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Miami hospital allowed tribal police to kidnap newborn baby parents say

Issued: 2018-03-21

By David Ovalle

dovalle@miamiherald.com

March 21, 2018 07:00 AM

A smiling baby with a thick head of black hair, Ingrid Ronan Johnson was born to a Miccosukee mother and a white father, inside Baptist Hospital in Kendall.

Two days later, police detectives arrived to the hospital with a court order to remove the baby from the new parents.

The order was not signed by a Florida judge, but by a tribal court judge on a reservation 32 miles away in the heart of the Everglades. The cops were from the Miccosukee police force, a department whose jurisdiction covers mainly the reservation and properties owned by the tribe.

The hospital on Sunday allowed the baby to be taken away.

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The parents, Rebecca Sanders and Justin Johnson, are now heartbroken and outraged — filing complaints with Miami-Dade police, state prosecutors and the U.S. Bureau of Indian Affairs. On Tuesday, they told the Miami Herald the tribal court order was a sham, concocted by the baby’s vengeful maternal grandmother, Betty Osceola, who simply did not want a white father to be a part of the child’s life.

“I’m still trying to wrap my head around how this has happened,” Johnson, 36, said tearfully. “I can’t even begin to explain how hard this has been. I don’t see how people of the Miccosukee tribe can look me in the face and tell me this is OK.”

Said Sanders, 28, a tribal member: “I feel like I have no rights. I thought the tribe was to protect its people, not use its own rulings to control its people.”

By Tuesday evening, after inquiries from the Herald, Miami-Dade Director Juan J. Perez said his department had initiated an “immediate inquiry” into what happened. “Once we have additional information, we can determine what, if any, additional steps are necessary,” he said.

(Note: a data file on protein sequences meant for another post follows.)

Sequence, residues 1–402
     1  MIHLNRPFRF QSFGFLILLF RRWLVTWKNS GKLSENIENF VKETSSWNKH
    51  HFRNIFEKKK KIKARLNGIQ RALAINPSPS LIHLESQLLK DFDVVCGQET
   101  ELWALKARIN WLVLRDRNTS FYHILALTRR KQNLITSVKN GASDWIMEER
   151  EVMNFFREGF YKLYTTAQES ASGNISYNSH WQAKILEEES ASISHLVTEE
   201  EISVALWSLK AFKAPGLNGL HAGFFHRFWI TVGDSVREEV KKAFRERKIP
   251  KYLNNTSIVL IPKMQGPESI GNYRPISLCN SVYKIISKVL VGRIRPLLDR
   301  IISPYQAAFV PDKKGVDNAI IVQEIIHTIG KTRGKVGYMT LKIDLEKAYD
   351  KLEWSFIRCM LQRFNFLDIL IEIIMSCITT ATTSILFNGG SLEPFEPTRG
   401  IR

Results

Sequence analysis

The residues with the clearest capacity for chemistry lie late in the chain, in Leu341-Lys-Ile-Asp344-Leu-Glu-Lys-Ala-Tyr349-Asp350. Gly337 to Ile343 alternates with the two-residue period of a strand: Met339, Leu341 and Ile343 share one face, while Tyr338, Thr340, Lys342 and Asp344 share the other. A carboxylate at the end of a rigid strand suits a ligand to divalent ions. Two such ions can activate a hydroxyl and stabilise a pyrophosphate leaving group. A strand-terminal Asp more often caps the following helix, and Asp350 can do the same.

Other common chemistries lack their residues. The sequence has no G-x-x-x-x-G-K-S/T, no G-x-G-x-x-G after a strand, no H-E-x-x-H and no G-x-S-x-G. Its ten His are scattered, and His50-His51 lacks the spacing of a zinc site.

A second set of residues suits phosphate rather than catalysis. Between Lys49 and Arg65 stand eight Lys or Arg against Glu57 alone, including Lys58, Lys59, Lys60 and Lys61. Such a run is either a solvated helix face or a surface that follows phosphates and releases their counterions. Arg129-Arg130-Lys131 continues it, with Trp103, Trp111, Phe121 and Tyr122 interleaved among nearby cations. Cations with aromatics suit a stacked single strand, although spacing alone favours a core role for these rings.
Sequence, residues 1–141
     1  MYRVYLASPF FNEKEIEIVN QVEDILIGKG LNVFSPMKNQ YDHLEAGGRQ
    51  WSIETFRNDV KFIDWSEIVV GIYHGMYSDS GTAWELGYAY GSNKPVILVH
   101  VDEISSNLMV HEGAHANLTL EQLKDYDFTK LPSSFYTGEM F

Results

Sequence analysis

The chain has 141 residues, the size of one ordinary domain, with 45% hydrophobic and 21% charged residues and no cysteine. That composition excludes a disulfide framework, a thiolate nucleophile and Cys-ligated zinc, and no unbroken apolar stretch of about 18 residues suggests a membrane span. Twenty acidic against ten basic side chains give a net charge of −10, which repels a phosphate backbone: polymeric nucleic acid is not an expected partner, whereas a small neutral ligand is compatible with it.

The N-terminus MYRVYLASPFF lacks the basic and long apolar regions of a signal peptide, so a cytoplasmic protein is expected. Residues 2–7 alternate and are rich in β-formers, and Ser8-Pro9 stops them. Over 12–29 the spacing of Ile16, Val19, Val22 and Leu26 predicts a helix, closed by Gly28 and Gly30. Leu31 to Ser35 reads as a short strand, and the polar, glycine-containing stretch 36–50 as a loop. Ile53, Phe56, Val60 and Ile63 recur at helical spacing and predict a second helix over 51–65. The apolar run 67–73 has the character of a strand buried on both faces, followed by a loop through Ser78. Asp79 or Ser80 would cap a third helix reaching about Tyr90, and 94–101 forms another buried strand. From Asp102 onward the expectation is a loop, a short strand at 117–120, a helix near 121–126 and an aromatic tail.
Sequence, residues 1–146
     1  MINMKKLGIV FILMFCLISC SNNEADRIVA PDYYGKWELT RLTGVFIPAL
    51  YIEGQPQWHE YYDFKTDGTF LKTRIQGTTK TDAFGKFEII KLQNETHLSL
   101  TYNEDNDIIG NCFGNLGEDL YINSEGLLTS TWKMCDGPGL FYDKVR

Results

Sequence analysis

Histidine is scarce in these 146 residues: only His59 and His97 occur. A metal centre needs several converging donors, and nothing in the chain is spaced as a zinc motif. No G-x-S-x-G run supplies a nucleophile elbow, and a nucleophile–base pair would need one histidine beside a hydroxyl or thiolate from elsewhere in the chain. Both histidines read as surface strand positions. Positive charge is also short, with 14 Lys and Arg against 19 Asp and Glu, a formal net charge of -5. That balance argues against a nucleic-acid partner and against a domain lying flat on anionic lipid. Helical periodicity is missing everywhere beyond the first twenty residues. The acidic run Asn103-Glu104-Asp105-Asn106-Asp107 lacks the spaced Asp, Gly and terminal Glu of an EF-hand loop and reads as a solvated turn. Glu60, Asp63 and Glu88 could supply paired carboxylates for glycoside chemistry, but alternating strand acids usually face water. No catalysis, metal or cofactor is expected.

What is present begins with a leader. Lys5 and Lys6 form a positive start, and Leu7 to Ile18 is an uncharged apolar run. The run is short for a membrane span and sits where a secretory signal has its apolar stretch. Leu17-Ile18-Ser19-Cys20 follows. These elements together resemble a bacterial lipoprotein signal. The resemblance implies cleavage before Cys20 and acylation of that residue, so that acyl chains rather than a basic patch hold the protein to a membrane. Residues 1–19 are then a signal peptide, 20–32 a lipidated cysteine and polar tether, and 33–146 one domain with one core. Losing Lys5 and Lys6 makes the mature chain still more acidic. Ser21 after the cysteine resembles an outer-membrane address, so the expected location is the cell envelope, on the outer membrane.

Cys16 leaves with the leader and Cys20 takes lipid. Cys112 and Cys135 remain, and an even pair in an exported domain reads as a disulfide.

The incident is the latest test of the legal authority of the court and police department with the sovereign Miccosukee tribe, which has clashed with state authorities for years over jurisdiction. Investigators and the child’s parents also have questions for Baptist hospital, which allowed tribal police to remove the baby from her birth mother.

A hospital spokesman declined comment because of federal patient privacy laws. “Baptist Hospital falls under the jurisdiction of the Miami-Dade County Police Department and complies with state and federal laws,” spokeswoman Dori Alvarez said.

The tribe’s legal adviser, Jeanine Bennett, did not respond to an e-mail seeking comment. “Jeanine said the tribe has no comment on pending tribal court matters,” said an employee who answered the phone at the Miccosukee’s legal department.

Calls to the office of Miccosukee chairman Billy Cypress went unanswered. Osceola, who owns the Buffalo Tiger Airboat Tours, did not answer repeated calls to her cellphone.

The tribal order granted Osceola custody of the baby, but their whereabouts are unknown. Her daughter said she lives off the reservation, in Collier County. If the baby is on the Miccosukee reservation itself, the state has no power — only federal authorities have jurisdiction there.

“It’s horrific,” said Miami-Dade State Attorney Katherine Fernández Rundle, whose office received a complaint from Johnson on Tuesday. “We don’t really know what the recourse is at this point, but we will continue to review it and talk to other agencies.”

A lawyer representing Sanders said the baby is missing out on crucial bonding time and breast feeding with her natural mother. “We don't know the health of the baby. We don't know if she is receiving proper care,” said Fort Lauderdale attorney Bradford Cohen.

The Miccosukee tribe has about 600 members and owns a gambling resort at the corner of Krome Avenue and Tamiami Trail. Child custody disputes between Indians and non-Indians are not unusual in states with large Native American populations.

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